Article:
Topping the international cricketing feast of 2019 was always going to be difficult. After a World Cup and Ashes back-to-back, 2020 was bound to live in the shadow of its predecessor.
But running the rule over Australia’s upcoming calendar next year reveals much more than just an inferior schedule. Specifically, the number of condensed three-game series is far bigger than its ever been. The shift to shortened series, already well underway in recent years, is seemingly complete.
In short, nine of the eleven series involving the Australian mens side will be three-game white ball series. It’s a staggering amount, and reflective of what cricket fixturing has become.
Three, it would seem, is the magic number. Or rather, the number cricket bosses are loathe to count beyond.
Let’s run through it: After the New Year’s Test against New Zealand, Australia travels to India (thanks to a loss at the negotiating table) for a three-game ODI series.
Next, they go to South Africa in February for three T20s and three further ODIs. They then return home to face New Zealand in mid-March for another crack at the three-game ODI jamboree, before heading across the ditch for – you guessed it – another three-game T20 series.
In June, finally, they pull on the whites for a two-Test series in Bangladesh. But soon after it’s back to the three-fixture familiarity, with three T20s and three ODIs booked against England in July.
This one, of all the short-term series littered throughout the year, is the most eyebrow-raising. For over 20 years, bilateral ODI series against England have always consisted of at least four games. The unwillingness to schedule beyond three for the game’s oldest rivals says much about the truncated series preferences of cricket execs.
After the winter trip to the UK, the Aussies return home for three game T20 series against both the West Indies and India before the T20 World Cup kicks off in late October. After the World Cup, Justin Langer’s side finally pull on the whites again, for the Test series against India.
Eleven series: nine of them three-game ODIs or T20Is.
It’s a fixture emblematic of the shortest format itself; short and sharp, no time to waste. Three-game series rarely offer a chance for rivalries to play out, and narratives to develop.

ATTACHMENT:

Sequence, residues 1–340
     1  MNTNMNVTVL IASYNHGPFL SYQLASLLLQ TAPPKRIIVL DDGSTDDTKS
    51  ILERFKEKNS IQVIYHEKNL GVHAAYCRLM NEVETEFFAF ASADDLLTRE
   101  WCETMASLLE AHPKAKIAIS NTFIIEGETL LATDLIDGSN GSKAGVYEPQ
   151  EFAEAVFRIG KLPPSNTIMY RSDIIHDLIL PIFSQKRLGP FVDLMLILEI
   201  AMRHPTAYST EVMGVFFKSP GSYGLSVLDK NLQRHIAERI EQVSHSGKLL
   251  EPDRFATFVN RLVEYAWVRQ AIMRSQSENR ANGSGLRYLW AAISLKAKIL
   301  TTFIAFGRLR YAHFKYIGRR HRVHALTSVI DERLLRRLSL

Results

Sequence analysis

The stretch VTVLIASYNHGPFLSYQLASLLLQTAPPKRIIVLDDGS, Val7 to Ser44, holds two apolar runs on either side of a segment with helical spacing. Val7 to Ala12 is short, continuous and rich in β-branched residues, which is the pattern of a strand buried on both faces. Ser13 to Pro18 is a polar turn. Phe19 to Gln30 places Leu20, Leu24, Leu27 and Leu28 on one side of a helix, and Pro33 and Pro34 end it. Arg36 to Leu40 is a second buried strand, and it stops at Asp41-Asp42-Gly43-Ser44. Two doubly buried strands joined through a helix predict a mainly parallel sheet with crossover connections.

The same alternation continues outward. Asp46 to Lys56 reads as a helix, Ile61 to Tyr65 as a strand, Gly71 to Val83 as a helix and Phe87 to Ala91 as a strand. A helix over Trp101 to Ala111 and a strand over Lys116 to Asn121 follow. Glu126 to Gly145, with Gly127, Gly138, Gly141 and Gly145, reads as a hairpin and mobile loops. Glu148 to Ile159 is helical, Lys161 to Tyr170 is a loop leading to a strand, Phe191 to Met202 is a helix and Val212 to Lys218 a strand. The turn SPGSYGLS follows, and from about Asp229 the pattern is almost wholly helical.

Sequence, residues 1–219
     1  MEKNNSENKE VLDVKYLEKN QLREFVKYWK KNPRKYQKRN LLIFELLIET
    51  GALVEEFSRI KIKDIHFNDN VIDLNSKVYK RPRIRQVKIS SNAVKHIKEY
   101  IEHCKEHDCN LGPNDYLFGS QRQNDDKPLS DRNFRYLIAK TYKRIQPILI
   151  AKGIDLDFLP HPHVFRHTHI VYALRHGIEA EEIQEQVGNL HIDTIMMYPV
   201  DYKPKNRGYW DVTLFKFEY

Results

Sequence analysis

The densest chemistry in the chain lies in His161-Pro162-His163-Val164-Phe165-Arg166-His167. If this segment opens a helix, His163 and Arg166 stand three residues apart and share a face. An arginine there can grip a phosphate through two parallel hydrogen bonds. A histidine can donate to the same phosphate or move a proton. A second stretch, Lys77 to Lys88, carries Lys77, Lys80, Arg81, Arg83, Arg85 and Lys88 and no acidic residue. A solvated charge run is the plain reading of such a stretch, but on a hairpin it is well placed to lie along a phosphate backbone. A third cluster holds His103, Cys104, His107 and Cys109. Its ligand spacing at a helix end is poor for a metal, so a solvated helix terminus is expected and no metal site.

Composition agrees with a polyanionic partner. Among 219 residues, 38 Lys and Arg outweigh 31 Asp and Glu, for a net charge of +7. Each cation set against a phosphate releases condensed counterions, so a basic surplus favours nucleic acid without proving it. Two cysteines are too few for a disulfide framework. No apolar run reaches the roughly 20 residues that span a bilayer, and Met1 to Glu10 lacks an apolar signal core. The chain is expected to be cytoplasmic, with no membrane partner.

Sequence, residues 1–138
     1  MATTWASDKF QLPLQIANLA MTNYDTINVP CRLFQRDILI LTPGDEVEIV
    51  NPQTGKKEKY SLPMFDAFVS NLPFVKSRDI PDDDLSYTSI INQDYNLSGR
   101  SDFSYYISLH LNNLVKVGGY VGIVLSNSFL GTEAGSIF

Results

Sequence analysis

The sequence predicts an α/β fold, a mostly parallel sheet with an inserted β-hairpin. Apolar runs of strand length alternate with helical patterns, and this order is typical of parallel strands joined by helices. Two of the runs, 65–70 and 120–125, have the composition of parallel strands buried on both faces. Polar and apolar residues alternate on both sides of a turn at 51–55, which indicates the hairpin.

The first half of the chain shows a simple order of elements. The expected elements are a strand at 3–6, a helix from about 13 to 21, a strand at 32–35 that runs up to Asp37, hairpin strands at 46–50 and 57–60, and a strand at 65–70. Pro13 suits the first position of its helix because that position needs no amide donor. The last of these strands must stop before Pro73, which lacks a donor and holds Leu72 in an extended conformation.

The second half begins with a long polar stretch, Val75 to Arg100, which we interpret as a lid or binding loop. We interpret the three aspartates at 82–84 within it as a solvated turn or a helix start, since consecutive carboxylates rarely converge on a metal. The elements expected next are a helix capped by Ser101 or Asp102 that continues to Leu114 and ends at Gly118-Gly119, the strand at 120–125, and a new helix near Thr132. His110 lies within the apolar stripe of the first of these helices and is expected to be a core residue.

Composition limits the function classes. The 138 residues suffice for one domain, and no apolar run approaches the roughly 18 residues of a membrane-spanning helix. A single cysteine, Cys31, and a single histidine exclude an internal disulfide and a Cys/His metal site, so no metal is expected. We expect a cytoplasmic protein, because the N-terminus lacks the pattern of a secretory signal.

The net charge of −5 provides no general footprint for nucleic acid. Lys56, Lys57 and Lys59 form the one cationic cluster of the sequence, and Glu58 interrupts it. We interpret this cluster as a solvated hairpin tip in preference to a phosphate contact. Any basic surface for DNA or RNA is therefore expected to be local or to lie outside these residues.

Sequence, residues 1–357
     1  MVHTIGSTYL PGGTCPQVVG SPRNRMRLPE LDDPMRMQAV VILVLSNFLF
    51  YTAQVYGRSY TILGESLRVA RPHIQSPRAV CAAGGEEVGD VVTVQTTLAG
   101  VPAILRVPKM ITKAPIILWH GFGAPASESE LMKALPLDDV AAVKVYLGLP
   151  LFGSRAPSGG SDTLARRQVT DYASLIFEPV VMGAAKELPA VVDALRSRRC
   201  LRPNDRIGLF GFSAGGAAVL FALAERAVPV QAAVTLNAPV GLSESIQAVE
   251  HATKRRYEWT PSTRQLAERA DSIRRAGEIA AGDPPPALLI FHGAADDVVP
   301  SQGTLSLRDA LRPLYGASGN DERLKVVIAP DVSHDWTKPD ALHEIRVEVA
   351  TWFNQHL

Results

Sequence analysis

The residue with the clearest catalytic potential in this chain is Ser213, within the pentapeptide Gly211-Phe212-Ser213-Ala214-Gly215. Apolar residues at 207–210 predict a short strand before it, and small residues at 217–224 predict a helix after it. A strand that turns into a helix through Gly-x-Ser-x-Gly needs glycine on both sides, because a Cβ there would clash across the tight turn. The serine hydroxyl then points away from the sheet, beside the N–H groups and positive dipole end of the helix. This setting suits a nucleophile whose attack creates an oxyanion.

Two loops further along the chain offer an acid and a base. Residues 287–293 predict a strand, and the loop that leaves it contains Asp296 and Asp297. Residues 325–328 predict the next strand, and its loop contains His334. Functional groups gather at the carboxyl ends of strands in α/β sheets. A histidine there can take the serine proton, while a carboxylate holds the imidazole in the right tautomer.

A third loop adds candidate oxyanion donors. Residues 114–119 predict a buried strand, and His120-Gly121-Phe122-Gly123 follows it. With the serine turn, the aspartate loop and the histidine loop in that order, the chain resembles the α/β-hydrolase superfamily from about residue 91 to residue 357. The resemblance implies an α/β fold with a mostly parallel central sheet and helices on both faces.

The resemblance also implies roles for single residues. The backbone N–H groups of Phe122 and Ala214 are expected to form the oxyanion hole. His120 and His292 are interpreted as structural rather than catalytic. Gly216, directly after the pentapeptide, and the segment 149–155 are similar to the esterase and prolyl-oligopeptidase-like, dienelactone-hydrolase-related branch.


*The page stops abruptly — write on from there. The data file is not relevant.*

Take Australia’s historic series win over India earlier this year. It was a win credited with reinvigorating an Australian one-day side which, until that point, was bereft of confidence. Had that series been condensed to three games, India would have won 2-1. As it was, Australia won 3-2 in a brilliant fightback away from home. It underlined the value of allowing a series time to breathe.
Perhaps the most disappointing aspect of the 2020 schedule is that Test cricket will be pushed aside for most of the year. This is despite the fact Australia has just concluded the most memorable series in 14 years in the very same format.
Australia will play two tests abroad next year (against Bangladesh), the fewest since 2007. The Test side will play just seven times, also the fewest since 2007.
In recent years, overseas tours have produced some of the most memorable moments that stick long in the minds of Australian fans.
This year, it was an enthralling Ashes series. In 2018, it was the South Africa tour which, if not for the scandal that brought down Australian cricket, would have been remembered for the sheer brilliance of AB de Villiers, Aiden Markram and the Proteas seamers.
In 2017, it was Australia’s backs-to-the-wall tour of India showcasing the best of Steve Smith and India’s spinners.
I can go on. In 2016, Rangana Herath dismantled Australia in a way few bowlers have. 2015 saw another gripping Ashes series. But in 2020, it will be a mere two-Test series against Bangladesh. By no means is this to discredit the hosts who, like in 2017 (which finished 1-1), will provide a stern test for the Australians.
It goes without saying that Bangladesh are now a Test nation – and a nation who have beaten Australia, England and Sri Lanka in recent times. But the two-Test format does little to foster the drama and intrigue of the aforementioned contests.
That’s not to say a two-Test series cannot do so. Australia’s tour of the UAE against Pakistan last year, specifically the fighting first Test, had strong investment on these shores. But by design, the side who wins the first Test has only a draw to play for. Almost for this reason alone, it is flawed.
Truncated cricket series was perhaps inevitable in the drive for more countries to play each other more often. But it leaves us with quick, snackable series that may well be forgotten mere months down the line.